April 27, 2016
To access the aftermost part of the boat and the cockpit scuppers, the best way in seemed to be through the aft bulkhead in the cockpit, which would give access to the transom as well as the cockpit sole fittings. There was an existing access port there, but it was far too small for real access. To begin, I marked the bulkhead using the cardboard template of the cutout that I made earlier. With a 4″ hole saw, I made the 2″ radius cuts at the corners, then connected them with a saw to create the opening. The new opening gave quite good access to the required areas. Note that the original access port was not quite centered.
Next, I removed the old pipe and fittings. The cockpit side was already loose and took only a push from the top; the gobs of sealant securing the pipes to and through the transom were quite resilient, but eventually I got them loose and the pipes removed.
The bulkhead had a slight concave curve to its shape at the top of the new opening, and it was too severe to bend the new hatch into position. The bottom edge, and the vertical sides, were flat enough for a successful fit, but I needed to build a filler piece for the top to properly support the hatch and fill the gap. From teak stock, I scribed and cut a curved piece to fit; I’d await final installation of the hatch till I was done with all the scupper work, since the raw opening was quite a bit larger than the hatch itself.
To rebuild the scuppers, I planned on new fittings at transom and cockpit sole, connected with hose to create a more flexible situation than the original pipe. For the cockpit, I selected Marelon fittings with a built-in screen. To provide complete drainage, I had to recess the mushroom fittings so they were flush with or beneath the sole surface. Since the laminate was no thicker than the thickness of the mushroom heads, I’d need to basically build a new supporting surface beneath the sole for the fittings. The original holes were the right size for the threads, but too small for the heads. So to open up the holes, I hot-glued some plywood beneath the openings, to give the hole saw pilot bit a guide, then used a larger hole saw to increase the diameter of the openings.
This allowed the mushroom head to fit flush through the sole.
To support the fitting below the sole, I used some circular cutouts from 1/4″ fiberglass, into which I drilled holes the right size for the fittings’ threaded necks. After cleaning up and sanding as flush as possible the bearing surfaces below the openings, I epoxied these discs in place, aligning the holes in the center. This effectively provided a “molded” flat-bottomed recess in the sole that would fit the scupper fittings cleanly. I made the epoxy mixture thick enough that it held the discs in place on its own, but to be sure that I continued to thwart gravity long enough for the epoxy to cure, I added some tape as a backup.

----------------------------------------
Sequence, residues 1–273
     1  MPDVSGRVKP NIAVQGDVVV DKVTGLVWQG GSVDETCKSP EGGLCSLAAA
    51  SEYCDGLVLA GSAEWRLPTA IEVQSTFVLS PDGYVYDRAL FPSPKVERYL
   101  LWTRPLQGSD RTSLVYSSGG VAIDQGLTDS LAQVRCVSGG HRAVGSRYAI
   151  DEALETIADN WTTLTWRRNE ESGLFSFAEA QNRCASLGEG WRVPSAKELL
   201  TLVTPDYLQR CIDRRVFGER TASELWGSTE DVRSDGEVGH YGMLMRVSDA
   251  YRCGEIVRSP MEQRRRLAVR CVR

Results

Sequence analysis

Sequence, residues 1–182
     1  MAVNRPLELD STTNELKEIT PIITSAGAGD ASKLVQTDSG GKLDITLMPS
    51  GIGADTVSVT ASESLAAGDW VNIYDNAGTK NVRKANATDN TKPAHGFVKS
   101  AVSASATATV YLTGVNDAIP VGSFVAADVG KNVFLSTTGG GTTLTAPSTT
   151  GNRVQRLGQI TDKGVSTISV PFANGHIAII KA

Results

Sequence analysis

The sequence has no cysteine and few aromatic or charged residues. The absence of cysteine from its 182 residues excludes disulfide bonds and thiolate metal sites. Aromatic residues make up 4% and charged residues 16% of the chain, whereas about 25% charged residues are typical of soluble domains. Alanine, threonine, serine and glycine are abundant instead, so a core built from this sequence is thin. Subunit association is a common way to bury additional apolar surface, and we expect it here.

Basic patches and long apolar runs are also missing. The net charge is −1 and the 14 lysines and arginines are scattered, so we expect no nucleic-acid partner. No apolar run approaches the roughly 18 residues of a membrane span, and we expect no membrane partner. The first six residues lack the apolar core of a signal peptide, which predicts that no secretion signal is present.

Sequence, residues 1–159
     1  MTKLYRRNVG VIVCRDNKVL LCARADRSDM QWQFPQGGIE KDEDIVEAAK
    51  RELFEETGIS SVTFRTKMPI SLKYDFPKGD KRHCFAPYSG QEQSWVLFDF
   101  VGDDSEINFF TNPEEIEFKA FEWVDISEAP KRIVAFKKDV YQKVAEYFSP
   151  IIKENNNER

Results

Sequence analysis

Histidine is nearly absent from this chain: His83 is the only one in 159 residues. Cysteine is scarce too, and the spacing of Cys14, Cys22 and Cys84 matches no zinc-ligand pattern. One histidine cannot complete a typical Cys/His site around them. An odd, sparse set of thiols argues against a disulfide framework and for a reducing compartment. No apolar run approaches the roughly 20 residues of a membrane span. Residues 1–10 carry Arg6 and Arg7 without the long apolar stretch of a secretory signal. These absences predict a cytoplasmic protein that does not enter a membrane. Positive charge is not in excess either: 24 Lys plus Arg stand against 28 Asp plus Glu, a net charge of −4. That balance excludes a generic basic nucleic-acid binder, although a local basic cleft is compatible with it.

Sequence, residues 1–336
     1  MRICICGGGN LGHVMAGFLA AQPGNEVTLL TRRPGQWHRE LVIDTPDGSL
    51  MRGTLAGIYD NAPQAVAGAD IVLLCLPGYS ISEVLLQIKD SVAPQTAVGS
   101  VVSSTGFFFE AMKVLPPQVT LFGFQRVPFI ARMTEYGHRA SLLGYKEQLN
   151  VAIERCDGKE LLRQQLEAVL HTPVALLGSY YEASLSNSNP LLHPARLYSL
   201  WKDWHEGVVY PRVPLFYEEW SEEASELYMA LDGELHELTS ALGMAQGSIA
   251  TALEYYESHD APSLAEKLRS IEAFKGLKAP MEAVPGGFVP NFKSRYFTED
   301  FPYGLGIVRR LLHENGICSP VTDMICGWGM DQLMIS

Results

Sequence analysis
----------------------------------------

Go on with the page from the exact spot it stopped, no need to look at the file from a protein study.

I also sealed the plywood edges of the transom cutouts with the thickened epoxy. Now I’d wait for all the epoxy to cure before I continued with work on the scuppers.
To cover the large holes left over from the old round instruments, I built a simple exterior panel from 1/8″ fiberglass laminate, which I cut to the angles required to tie in with the shape of the companionway and cabin top. After marking its position as needed, I drilled 2-1/8″ holes to accommodate the new instruments, then applied a few coats of epoxy primer during the remainder of the afternoon.
For the inside cover panel, I cut teak plywood to fit as needed, which blended well with the existing plywood cover on the bulkhead.
With the new instruments and transducers now on hand, I went ahead with the installation of the transducers (depth and speed), using the original holes in the boat, which I’d already prepared for the installation.
Then, I led the cables aft, following the same route and using the same support hardware as the original cables that I’d just removed. I’d make the final connections to the new instruments later, once the cover panels were done and ready for installation.
I finished up the minor keel work with a quick wash and sand of the filler I’d applied earlier.
I’d moved some other boats around, which gave me the opportunity to reposition this boat alone in the center of the shop for better access for the remainder of the project.
Total time billed on this job today: 6.25 hours
0600 Weather Observation:
Clear, foggy, frosty, 22°. Forecast for the day: sunny, 50